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Works Thomas Girtin and Joseph Mallord William Turner after John Robert Cozens

A View on the River Inn, in the Tyrol

1794 - 1797

Primary Image: TG0699: Thomas Girtin (1775–1802) and Joseph Mallord William Turner (1775–1851), after John Robert Cozens (1752–97), A View on the River Inn, in the Tyrol, 1794–97, graphite and watercolour on wove paper, on an early mount, 17.2 × 23.1 cm, 6 ¾ × 9 ⅛ in. Tate, Turner Bequest CCCLXXIV, 17 (D36495).

Photo courtesy of Tate (All Rights Reserved)

Artist's source: John Robert Cozens (1752–97), Upon the River Inn, the Tyrol, graphite and varnish on laid paper, 18.7 × 24.4 cm, 7 ⅜ × 9 ⁹⁄₁₆ in. Yale Center for British Art, Paul Mellon Collection (B1977.14.4619).

Photo courtesy of Yale Center for British Art, Paul Mellon Collection (Public Domain)

Thomas Girtin (1775-1802) and Joseph Mallord William Turner (1775-1851) after John Robert Cozens (1752-1797)
  • A View on the River Inn, in the Tyrol
1794 - 1797
Medium and Support
Graphite and watercolour on wove paper, on an early mount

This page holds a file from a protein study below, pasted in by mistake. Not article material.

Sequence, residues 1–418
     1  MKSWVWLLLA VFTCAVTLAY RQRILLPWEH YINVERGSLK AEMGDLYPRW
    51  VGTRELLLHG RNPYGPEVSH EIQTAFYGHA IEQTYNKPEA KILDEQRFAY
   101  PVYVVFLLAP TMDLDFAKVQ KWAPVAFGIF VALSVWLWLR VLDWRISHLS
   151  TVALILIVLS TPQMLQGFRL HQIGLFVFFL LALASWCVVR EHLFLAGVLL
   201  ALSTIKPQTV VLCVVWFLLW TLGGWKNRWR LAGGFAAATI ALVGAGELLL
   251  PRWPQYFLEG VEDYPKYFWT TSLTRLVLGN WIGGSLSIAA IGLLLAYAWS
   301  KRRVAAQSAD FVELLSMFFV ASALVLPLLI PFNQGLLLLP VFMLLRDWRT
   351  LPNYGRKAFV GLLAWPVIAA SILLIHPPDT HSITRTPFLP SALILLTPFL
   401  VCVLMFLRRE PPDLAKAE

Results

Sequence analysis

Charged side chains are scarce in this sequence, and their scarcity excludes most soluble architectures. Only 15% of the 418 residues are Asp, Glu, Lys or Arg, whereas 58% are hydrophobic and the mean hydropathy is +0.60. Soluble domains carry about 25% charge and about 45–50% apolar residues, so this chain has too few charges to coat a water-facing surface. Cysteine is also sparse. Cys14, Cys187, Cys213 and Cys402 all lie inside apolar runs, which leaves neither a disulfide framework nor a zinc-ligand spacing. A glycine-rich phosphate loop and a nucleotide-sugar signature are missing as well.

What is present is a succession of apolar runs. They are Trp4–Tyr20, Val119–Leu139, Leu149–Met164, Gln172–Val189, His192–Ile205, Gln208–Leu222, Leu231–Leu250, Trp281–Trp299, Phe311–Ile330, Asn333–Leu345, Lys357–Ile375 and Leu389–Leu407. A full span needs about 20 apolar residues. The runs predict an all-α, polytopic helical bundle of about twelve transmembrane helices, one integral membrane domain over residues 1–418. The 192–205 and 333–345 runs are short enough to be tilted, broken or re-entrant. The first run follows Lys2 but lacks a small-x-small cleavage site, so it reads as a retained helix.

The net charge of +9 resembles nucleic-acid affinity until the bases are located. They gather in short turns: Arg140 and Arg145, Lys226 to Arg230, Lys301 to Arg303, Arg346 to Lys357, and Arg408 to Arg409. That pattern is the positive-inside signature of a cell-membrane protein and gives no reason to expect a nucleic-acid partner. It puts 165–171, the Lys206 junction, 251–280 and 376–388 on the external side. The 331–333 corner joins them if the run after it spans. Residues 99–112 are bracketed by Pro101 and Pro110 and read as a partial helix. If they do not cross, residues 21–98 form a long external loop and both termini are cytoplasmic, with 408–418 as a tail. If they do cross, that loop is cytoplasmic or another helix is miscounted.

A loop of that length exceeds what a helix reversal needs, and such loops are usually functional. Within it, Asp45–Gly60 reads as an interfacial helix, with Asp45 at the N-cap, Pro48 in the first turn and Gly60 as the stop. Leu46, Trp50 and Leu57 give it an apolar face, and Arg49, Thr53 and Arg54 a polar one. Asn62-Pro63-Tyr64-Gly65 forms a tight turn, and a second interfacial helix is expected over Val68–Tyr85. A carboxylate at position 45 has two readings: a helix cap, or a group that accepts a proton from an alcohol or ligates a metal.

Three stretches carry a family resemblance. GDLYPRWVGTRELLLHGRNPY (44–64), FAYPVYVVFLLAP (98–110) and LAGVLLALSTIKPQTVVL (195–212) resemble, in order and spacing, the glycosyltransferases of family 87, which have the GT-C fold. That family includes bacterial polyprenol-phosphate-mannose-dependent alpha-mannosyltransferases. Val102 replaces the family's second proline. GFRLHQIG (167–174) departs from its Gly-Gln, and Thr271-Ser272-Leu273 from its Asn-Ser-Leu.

17.2 × 23.1 cm, 6 ¾ × 9 ⅛ in
Mount Dimensions
36.8 × 48 cm, 14 ½ × 18 ⅞ in
Part of
Object Type
Collaborations; Monro School Copy
Subject Terms
Austrian View; River Scenery

Catalogue Number
Description Source(s)
Viewed in November 2017


Dr Thomas Monro (1759–1833); his posthumous sale, Christie's, 28 June 1833, lot 79 as ‘Twenty-six sketches in Switzerland and Italy, by Turner, in blue and Indian ink, in a scrap-book’; bought by Thomas Griffith for Joseph Mallord William Turner (1775–1851), £10 10s; accepted by the nation as part of the Turner Bequest, 1856


Finberg, 1909, vol.2, p.1232 as 'Mountains' by Thomas Girtin; Bell and Girtin, 1935, p.51; Turner Online as by Joseph Mallord William Turner and Thomas Girtin (Accessed 08/09/2022)

About this Work

This view, taken on the river Inn west of Innsbruck, is mounted in an album of watercolours that was bought by Joseph Mallord William Turner (1775–1851) at the posthumous sale of Dr Thomas Monro (1759–1833) (Exhibitions: Christie’s, 28 June 1833, lot 79). The twenty-six drawings were the outcome of a unique collaboration between Girtin and Turner working together at Monro’s London home at the Adelphi. Here the artists were employed across three winters, probably between 1794 and 1797, to make ‘finished drawings’ from the ‘Copies’ of the ‘outlines or unfinished drawings of Cozens’ and other artists, amateur and professional, either from Monro’s collection or lent for the purpose. As the two young artists later recalled, Girtin generally ‘drew in outlines and Turner washed in the effects’. ‘They went at 6 and staid till Ten’, which may account for the generally monochrome appearance of the works, and, as the diarist Joseph Farington (1747–1821) reported, Turner received ‘3s. 6d each night’, though ‘Girtin did not say what He had’ (Farington, Diary, 12 November 1798).1